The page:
In our increasingly always-on society, people expect to be connected everywhere through a wide range of devices. As much as people realise the benefits of being online, many are also realising that constant internet access is disrupting the quality of human relationships. This is according to the Ofcom report Communications Market 2018, which analyses key market developments in the UK communications sector.
Proportion of time spent online, by device and location
- People spend a total of one day a week online (24 hours), more than twice as much as in 2011.
- Seven in ten commuters use their smartphone on their journey.
- The most popular smartphone activities for commuters are sending and receiving messages (43%) and using social media (32%).
- Young adults are more likely to multi-task on their smartphones while they commute: 27% of 18-34s engage in at least five online activities while commuting, but only 9% of over-35s do so.
- Most adults acknowledged the value of being connected, with three-quarters agreeing that being online helps them maintain personal relationships. But they also acknowledge its drawbacks, such as interrupting face-to-face communications with others.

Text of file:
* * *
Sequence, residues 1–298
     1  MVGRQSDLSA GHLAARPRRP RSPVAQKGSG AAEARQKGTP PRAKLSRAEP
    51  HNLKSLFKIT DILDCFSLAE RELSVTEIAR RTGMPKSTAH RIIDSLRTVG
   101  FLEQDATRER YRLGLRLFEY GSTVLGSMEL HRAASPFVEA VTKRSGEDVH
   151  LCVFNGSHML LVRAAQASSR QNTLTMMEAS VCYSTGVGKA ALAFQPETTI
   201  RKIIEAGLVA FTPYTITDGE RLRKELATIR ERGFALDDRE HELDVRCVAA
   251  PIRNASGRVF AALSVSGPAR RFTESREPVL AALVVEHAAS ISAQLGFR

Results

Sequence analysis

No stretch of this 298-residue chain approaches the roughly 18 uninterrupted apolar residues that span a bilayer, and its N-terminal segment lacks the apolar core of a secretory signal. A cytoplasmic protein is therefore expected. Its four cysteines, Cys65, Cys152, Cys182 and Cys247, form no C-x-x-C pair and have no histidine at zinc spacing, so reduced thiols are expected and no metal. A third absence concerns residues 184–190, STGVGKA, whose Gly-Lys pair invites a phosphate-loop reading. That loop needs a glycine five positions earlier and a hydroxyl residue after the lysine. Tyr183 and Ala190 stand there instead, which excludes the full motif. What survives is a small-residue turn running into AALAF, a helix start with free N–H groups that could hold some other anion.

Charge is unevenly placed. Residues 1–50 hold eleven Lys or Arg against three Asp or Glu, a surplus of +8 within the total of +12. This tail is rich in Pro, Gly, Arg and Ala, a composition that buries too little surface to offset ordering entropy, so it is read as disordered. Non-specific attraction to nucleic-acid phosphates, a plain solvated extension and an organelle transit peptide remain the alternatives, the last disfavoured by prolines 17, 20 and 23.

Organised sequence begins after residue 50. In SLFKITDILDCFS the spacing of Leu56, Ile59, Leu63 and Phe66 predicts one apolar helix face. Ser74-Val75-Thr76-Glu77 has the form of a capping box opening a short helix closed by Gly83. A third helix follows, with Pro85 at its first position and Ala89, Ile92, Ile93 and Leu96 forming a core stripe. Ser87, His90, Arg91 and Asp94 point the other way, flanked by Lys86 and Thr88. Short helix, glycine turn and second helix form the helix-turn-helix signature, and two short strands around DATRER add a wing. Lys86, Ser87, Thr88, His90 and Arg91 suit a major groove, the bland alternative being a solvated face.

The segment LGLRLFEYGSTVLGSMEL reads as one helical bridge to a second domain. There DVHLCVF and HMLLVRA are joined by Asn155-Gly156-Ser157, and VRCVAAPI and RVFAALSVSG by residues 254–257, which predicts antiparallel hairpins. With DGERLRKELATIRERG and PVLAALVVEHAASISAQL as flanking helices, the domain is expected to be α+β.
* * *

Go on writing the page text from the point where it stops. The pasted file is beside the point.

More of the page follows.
- The benefits of the last ten years of connectivity have not been distributed equally. Lower-income households and over-54s are less likely to have smartphones, laptops and tablets, but are as likely to have a TV.
- Mobile phones and TVs are the only communications devices with near-universal reach in the UK (96% and 95% of households).
Reaction to being unable to connect to the internet
Discussing how technology is changing modern society, Ian Macrae, Ofcom’s director of market intelligence, says: “Over the last decade, people’s lives have been transformed by the rise of the smartphone, together with better access to the internet and new services.
“Whether it’s working flexibly, keeping up with current affairs or shopping online, we can do more on the move than ever before. But whilst people appreciate their smartphone as their constant companion, some are finding themselves feeling overloaded when online, or frustrated when they’re not.”
The balance between using mobile technology to enhance our lives and stopping it interfering with our relationships is a difficult one to maintain. This further increases the challenge of brand communicators to find ways of engaging consumers, without interfering with their lives.
Claimed time spent going online each week, by location
The methodology for the report can be found here.
The full report can be found here.
Article originally published at prmoment.com